A History of Gifts

It is the giving season, and I am sitting in my office thinking about the many phases of giving here at Klingberg Family Centers. We have an incredible history of thousands of people donating from the very first days in 1903 until today. We owe our very existence to these wonderful folks. Rev. John Klingberg, our founder, knew beyond a doubt that starting the Children’s Home (as it was known then) was what God was calling him to do. In his diaries he came to the conclusion that as he had no money, his poor congregation could hardly pay him, and he knew no one with money, he would just have to trust in God to help him. He never asked anyone for donations, but they started to flow in and never stopped. The Readers Digest captured this story in an article titled “The Home that Prayer Built” in 1943.

In the early days, there were wonderful stories of kind people doing what they could to make donations to sustain the Children’s Home. There was the “Lucky Money Lady,” as she called herself, who gathered all the coins she found on the ground and presented them at the end of the year. Or the Iowa chicken farmer who gave to the Home the proceeds of eggs laid on the Sabbath. Every potato harvest in New Sweden and Stockholm, Maine, the farmers would fill a boxcar and have it taken to New Britain to fill the potato cellar to feed the children through the winter.

New Britain was a booming industrial center, and local businessmen saw the needs at the Home and gave generously. Charles Moore stopped John Klingberg on the street one day and offered him $5 to start a building fund for the Home. In 1908, Howard Platt led a campaign asking his friends to join him in supporting Klingberg’s work. And prominent business owner Philip Corbin gave several anonymous donations that paid for more than half the construction costs of the orphanage building on the hill.

Through the years the needs of children and families changed and new programs keeping families together became the priority. People continue to give generously to John Klingberg’s original belief that every child deserves a safe and loving home. People today don’t give the Sabbath egg money (well, maybe some do!), but the ways in which people give today are as varied as ever. From checks to credit cards, from PayPal to sponsorships, all gifts are received with the same thanks and appreciation as the very first day.

Time is valuable currency today. Many of our friends donate their time and talents at Klingberg. Some come in groups to help us with our major fundraiser; others raise funds by participating in other events and getting sponsors to give to Klingberg. Others have given possessions like antique automobiles to our Auto Restoration Program.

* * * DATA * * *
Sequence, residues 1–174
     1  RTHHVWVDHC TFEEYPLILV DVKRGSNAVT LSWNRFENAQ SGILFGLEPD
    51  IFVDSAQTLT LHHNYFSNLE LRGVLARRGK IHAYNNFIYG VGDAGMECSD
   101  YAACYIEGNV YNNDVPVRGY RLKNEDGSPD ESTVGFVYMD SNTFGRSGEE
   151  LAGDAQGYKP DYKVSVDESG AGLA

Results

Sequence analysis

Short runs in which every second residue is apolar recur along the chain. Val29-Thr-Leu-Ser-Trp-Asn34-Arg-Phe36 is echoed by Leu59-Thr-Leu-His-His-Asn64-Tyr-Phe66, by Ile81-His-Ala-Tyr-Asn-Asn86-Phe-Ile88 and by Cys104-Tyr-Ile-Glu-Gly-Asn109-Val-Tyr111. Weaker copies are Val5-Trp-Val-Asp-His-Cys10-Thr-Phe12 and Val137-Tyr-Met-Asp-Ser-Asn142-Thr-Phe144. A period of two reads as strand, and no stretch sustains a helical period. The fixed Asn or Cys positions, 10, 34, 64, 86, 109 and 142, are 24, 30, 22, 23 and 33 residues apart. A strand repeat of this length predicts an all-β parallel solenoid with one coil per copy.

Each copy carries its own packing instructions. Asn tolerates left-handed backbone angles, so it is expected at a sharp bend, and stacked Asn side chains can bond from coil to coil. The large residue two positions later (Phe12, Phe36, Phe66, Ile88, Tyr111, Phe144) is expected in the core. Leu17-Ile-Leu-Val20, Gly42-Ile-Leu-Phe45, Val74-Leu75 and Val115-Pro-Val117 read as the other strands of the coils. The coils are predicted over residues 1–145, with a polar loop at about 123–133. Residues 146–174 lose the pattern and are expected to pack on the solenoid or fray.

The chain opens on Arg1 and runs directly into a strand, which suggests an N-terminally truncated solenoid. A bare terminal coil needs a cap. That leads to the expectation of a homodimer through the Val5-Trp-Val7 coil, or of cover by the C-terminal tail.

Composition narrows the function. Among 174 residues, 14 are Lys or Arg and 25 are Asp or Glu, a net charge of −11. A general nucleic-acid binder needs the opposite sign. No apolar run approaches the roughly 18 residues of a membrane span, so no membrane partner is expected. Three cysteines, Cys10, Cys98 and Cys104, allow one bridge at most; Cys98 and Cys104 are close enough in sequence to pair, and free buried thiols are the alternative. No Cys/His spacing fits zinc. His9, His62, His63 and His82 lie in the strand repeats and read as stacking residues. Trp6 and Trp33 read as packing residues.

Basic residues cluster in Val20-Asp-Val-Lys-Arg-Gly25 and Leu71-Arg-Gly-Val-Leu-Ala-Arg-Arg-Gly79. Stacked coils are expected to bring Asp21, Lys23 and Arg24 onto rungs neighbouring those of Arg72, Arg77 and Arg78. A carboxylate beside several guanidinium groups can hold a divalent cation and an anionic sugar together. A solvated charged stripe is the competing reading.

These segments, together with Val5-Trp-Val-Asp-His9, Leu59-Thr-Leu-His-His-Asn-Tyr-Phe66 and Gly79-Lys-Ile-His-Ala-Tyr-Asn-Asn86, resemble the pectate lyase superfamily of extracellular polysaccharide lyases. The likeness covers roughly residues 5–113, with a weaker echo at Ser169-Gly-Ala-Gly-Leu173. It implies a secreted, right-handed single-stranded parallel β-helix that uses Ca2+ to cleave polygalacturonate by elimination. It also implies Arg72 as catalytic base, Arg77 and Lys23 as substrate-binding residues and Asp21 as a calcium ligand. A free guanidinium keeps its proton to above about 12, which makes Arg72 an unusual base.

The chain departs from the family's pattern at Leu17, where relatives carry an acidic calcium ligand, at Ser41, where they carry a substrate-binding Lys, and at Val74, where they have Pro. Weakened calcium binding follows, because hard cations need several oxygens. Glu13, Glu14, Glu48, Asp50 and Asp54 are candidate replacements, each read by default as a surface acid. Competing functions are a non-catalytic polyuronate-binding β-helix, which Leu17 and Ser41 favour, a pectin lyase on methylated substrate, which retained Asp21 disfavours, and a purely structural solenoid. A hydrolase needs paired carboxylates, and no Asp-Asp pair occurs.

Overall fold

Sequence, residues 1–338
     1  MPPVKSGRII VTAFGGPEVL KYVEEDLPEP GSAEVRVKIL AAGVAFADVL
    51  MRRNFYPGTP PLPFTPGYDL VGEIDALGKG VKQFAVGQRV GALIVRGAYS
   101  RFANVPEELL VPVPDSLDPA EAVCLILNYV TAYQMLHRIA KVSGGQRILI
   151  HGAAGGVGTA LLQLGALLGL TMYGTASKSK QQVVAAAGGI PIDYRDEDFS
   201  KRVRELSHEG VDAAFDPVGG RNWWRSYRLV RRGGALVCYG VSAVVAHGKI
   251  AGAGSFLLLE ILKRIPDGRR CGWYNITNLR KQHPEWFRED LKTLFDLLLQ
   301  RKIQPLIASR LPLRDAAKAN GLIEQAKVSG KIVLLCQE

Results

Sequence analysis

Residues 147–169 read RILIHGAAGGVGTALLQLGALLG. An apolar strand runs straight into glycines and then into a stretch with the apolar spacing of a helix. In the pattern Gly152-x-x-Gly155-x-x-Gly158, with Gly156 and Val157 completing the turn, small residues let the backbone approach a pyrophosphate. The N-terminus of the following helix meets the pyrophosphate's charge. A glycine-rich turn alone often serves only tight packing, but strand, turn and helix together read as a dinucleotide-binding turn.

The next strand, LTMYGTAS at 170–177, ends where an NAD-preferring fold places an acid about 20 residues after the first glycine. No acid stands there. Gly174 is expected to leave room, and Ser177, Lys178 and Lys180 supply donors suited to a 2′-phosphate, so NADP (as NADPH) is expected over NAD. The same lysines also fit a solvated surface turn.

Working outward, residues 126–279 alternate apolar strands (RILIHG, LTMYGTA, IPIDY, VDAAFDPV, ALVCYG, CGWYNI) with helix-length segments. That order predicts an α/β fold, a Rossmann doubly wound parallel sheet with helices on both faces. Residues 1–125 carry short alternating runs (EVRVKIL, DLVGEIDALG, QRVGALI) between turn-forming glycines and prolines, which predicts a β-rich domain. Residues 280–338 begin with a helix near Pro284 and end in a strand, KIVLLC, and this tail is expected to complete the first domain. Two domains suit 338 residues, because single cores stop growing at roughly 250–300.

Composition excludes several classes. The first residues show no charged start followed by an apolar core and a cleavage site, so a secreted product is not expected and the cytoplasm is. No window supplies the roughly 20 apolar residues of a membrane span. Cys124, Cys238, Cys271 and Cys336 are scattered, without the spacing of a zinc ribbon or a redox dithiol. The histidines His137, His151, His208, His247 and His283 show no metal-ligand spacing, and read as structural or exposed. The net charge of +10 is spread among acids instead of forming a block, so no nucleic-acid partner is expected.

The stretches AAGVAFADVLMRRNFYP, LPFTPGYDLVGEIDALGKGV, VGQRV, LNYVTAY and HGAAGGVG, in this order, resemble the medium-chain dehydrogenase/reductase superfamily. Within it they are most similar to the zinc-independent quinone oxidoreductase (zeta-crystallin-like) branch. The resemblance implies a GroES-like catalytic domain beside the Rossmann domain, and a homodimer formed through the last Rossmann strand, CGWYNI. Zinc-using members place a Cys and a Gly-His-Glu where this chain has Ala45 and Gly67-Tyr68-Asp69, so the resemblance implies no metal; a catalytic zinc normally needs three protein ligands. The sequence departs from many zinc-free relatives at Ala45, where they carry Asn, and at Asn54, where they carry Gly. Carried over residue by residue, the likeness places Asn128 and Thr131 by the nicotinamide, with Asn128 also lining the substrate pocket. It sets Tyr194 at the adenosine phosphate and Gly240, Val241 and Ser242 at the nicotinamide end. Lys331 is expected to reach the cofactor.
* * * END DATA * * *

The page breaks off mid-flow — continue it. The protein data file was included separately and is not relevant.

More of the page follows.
There are some among our friends and donors who have desired to leave a legacy by including us in their wills as one final gift and a final exclamation point that they believe in what we do for children. And some have left perpetual support through a charitable trust, with the interest supporting us for years into the future.

Over the years of Klingberg history, from 1903 until today, many things have changed: the needs of children and families, the programs to help them, and the methods of giving to support them. But two things have not changed with time: the mission of Klingberg to make it possible for children to be raised in a safe and loving home and the people who surround us with their love and compassion for those we serve and their investment to accomplish it.

COVID-19 SafeguardsKlingberg Family Centers

As COVID-19 continues to spread through our country and region, a number of safeguards have been put into place to protect our clients and families, staff, visitors, and surrounding communities. In addition to increased cleaning efforts, hand sanitizer, and distribution of information, we are taking the following steps to prevent the spread of the virus.

  • The Raymond Hill School will be closed at least until April 20.
  • The Extended Day Treatment Program is also closed.
  • Our group homes are closed to visitors in order to protect the welfare of our clients.
  • The Nexus Professional Development Center, Tilcon Center, and RHS auditorium have been closed for use by outside groups effective immediately.